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President Biden exercised his first veto on March 20, 2023. It took him over two years to “dismiss” a bill worthy of an executive.
I’ll go into more detail about what happened on Capitol Hill, but here’s the gist: Biden blocked efforts to repeal retirement investment rules that allow trustees to use ESG factors to select investments, a move that could help retirement fund managers consider investment opportunities. , it means we can still take her ESG into consideration.
What happened, how it happened, and why it matters to investors across the country.
What is ESG?
ESG stands for Environmental, Social and Governance. ESG investment It is a type of investment that focuses on companies and companies striving to address environmental, social and governance issues and causes. This includes policies and standards, initiatives and projects, disclosures and investigations, etc.
ESG factors can be anything within these areas. Here are some examples.
environmental factors Includes energy consumption, waste and greenhouse gas emissions.
social factor This includes employee compensation, community involvement, safety and quality standards.
Governance factor It includes corporate leadership, executive salary structure, and business ethics.
Selecting ESG investments involves using quantifiable metrics and often rigorous criteria. These indicators assess a company’s performance in terms of sustainability. You can research companies yourself to find out how they behave, use ESG scoring platforms to compare investments, or both.
However, just because a company has a high ESG rating does not mean it is more sustainable than others. Different platforms score businesses differently. It’s also easy for companies to make claims about their standards that don’t give the full picture. ESG investment involves due diligence.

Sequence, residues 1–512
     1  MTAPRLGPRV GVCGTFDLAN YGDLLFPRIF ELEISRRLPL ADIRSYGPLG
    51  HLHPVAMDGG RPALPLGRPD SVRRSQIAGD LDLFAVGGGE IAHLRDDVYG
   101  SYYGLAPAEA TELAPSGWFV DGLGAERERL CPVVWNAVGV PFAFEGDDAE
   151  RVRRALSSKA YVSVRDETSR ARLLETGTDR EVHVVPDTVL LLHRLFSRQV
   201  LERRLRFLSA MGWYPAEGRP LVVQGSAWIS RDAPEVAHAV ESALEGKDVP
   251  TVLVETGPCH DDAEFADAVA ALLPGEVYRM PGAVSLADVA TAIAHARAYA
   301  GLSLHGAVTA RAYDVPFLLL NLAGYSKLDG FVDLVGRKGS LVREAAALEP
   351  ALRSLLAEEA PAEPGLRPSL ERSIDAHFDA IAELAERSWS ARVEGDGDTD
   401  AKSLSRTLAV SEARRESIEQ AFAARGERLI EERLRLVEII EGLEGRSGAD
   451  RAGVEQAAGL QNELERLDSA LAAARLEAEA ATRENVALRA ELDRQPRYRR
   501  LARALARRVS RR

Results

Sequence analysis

Retirement fund managers are legally obligated to consider the economic risks and rewards of each opportunity. The entire discussion that follows is about whether ESG considerations are appropriate.
If you are interested in ethical investing, please click the link below.
>>> Click here for details: Demystifying Ethical Investing (ESG vs. SRI vs. Impact Investing)
Reason for veto
There’s quite a bit of history leading up to this veto, and it’s important to understand where it all started and how we got here.
It all started with prudence and loyalty in choosing planned investments and enforcing shareholder rights rules. Let’s call it the Prudence and Loyalty Rule.
Essentially, the rule, created by the Department of Defense in 2022, puts language in place to allow fiduciaries to use ESG factors to select investments.
Over the past few years, fiduciaries have already used ESG-related information to make investment decisions that promise planholders the best returns and lowest risks. But under the Trump administration, this has become even more difficult.
In 2020, the U.S. Department of Labor issued a rule requiring pension and 401(k) fund managers to prioritize monetary factors (those strictly related to money) over non-monetary factors. We have put up barriers to ESG investing. ESG considerations were not included unless they were economic in nature.
Also, when fiduciaries choose between economically equivalent investments that ultimately result in differences in non-monetary considerations (such as ESG), extensive documentation of these decisions avoids unnecessary You have to go through a procedure.